Cigarettes and Tobacco Use in Mental Health Settings

The growing trend in most mental health centers is the banning of tobacco products and their use on campuses that deliver treatment and other supportive programs. When I first entered the mental health system, I was in-patient in an adolescent unit in New York State. Within a year of the time I landed in the hospital, smoking was banned for adolescents with privileges allowing them in the courtyard and outdoor areas. The rationale, I was told at the time, since minors weren’t allowed to purchase cigarettes they shouldn’t be smoking. This I accepted with a giant grain of salt.

However, by the time I was hospitalized in the New York State Psychiatric Center in upstate New York a mere five years later, smoking was banned for all patients, staff, and visitors on the campus of the hospital. This I took issue with as a patient whom was so dysregulated and uncomfortable from new active symptoms requiring the simple and pleasurable relief from tobacco. What I mean here is that when a person is so far from baseline that all previously learned coping skills don’t work anymore, why deny people use of their existing mechanisms for finding relief in the most difficult moments of perhaps their life?

I understand the need and move to ban tobacco use in community health settings. Sure, teach people with access to community resources, and their private spaces, too use new and diverse skills beyond the scope that tobacco can offer its users. But, in the hospital, where people are locked away from their homes and private spaces, allow people some sort of familiar device to access when everything else is inaccessible or prohibited on the unit.

People at the out-patient level are more likely to be able to use other coping mechanisms for finding relief from mental health systems, this has been researched. However, still requiring research is the threshold, that space where the risks of smoking outweigh the benefits of non-smoking and wearing a nicotine patch until that too is ultimately discontinued. Indeed, even the patch will be discontinued after people are supposedly no longer physically addicted to nicotine due to the time that elapsed between their last cigarette and use of the patch.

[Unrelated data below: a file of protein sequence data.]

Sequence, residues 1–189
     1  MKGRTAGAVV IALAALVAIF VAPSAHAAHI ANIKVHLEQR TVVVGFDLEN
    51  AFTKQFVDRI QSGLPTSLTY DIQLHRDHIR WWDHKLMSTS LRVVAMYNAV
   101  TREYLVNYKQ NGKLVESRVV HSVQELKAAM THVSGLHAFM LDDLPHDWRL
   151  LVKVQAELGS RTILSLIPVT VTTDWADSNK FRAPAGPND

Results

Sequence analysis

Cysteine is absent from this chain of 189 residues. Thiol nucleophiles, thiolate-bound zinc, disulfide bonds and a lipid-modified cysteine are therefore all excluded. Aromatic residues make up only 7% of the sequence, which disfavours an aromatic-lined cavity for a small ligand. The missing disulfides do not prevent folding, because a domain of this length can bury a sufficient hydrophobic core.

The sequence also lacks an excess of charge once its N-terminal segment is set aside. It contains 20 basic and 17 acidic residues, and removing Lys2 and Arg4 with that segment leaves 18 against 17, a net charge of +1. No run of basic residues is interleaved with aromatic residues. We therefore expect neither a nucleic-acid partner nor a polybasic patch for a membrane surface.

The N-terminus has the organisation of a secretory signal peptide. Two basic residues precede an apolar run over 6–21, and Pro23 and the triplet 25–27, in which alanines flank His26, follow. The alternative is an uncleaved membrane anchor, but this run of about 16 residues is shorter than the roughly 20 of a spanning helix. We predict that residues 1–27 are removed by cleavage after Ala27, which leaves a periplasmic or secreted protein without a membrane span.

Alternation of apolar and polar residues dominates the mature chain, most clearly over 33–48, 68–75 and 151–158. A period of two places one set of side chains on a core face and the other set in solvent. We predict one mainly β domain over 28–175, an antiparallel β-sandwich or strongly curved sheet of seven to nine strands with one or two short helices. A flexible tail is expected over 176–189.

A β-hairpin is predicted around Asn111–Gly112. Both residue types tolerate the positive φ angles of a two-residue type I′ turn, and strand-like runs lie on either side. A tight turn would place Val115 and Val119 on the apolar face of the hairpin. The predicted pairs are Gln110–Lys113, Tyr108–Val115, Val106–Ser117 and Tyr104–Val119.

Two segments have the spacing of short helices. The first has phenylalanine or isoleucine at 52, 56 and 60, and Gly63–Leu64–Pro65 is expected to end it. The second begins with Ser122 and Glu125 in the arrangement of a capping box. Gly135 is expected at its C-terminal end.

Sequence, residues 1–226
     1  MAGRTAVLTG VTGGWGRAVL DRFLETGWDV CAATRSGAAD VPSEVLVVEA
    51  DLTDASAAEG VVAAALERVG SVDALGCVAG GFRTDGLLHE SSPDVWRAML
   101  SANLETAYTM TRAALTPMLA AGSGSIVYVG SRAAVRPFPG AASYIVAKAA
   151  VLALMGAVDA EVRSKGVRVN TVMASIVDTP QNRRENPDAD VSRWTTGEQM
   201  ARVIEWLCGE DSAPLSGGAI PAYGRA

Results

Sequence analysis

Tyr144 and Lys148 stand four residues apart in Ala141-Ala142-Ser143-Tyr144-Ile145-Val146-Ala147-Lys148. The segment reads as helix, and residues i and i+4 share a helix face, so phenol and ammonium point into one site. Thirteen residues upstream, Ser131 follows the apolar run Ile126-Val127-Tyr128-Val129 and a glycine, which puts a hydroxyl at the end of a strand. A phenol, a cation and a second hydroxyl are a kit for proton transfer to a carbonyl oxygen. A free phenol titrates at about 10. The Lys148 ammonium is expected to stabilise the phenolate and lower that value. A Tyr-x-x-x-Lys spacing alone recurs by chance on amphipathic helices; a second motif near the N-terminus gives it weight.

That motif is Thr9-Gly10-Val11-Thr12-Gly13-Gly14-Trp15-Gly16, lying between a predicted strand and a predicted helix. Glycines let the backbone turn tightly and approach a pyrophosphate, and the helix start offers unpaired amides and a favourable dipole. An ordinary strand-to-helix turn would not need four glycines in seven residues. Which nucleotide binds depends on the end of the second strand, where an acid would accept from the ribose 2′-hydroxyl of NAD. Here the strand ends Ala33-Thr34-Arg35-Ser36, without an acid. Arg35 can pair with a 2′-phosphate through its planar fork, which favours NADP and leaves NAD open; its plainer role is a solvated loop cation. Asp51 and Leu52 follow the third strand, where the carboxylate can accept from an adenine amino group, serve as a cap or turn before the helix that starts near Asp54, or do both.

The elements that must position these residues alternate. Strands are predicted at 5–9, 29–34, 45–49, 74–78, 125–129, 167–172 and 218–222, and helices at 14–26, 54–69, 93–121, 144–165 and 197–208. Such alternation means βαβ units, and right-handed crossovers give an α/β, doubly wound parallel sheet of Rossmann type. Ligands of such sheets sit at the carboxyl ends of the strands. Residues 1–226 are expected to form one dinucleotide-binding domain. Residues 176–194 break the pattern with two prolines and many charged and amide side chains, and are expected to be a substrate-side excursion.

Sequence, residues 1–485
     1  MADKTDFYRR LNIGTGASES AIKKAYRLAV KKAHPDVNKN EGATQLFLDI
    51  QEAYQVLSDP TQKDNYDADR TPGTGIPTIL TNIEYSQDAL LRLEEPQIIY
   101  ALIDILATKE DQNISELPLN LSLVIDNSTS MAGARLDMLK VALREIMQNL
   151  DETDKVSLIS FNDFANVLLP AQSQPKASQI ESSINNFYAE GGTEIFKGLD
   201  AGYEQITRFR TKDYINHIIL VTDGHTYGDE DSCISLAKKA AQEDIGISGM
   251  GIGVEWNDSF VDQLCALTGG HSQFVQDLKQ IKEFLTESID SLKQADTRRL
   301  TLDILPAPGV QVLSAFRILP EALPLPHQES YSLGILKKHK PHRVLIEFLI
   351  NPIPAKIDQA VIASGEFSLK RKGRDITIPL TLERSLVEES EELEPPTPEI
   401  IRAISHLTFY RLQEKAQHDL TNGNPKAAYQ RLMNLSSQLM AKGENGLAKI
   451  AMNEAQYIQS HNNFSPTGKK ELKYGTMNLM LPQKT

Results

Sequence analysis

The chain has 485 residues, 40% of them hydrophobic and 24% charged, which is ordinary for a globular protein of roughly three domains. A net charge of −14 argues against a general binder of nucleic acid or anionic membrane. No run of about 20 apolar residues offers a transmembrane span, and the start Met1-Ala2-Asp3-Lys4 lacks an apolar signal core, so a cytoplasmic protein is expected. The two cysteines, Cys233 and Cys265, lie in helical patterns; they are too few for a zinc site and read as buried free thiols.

In my opinion, this new shift in so-called healthier practices and wellness overlooks a part of human nature, personal freedom, and basic psychology. There are some people with cognitive deficits and symptoms which are so intense that learning new skills will not outpace the cravings or pleasure derived from puffing on a cigarette. These people will not learn new coping skills fast enough to gain the benefits of not smoking and will be even more uncomfortable and agitated during a tremendously already agitating point in their mental health.

In a time where people are pushing freedom and personal choice in treatment, I am truly shocked the hospitals were so fast to embrace the smoking ban. I have been so sick that I wouldn’t get out of bed for days at a time. It wasn’t a pill or the promise of deep breathing that motivated me to get out of bed it was a cigarette and coffee. When a person is truly symptomatic, in terms of coping skills, it is truly about going back to the basics, and clinging to what works, what you know, and what you feel will make you feel better in the moment. I truly hope the hospitals discontinue this movement and revert back, at least in part, to an earlier time when life’s pleasures weren’t incorporated into their treatment without consent or choice.


Be sure to watch this classic scene from One Flew Over the Cuckoos Nest which highlights my points in cinematic proportions detailing what really is at stake when someone is in crisis and needs to calm down or be subject to restraint or in today’s terminology risk of seclusion and isolation from the unit.


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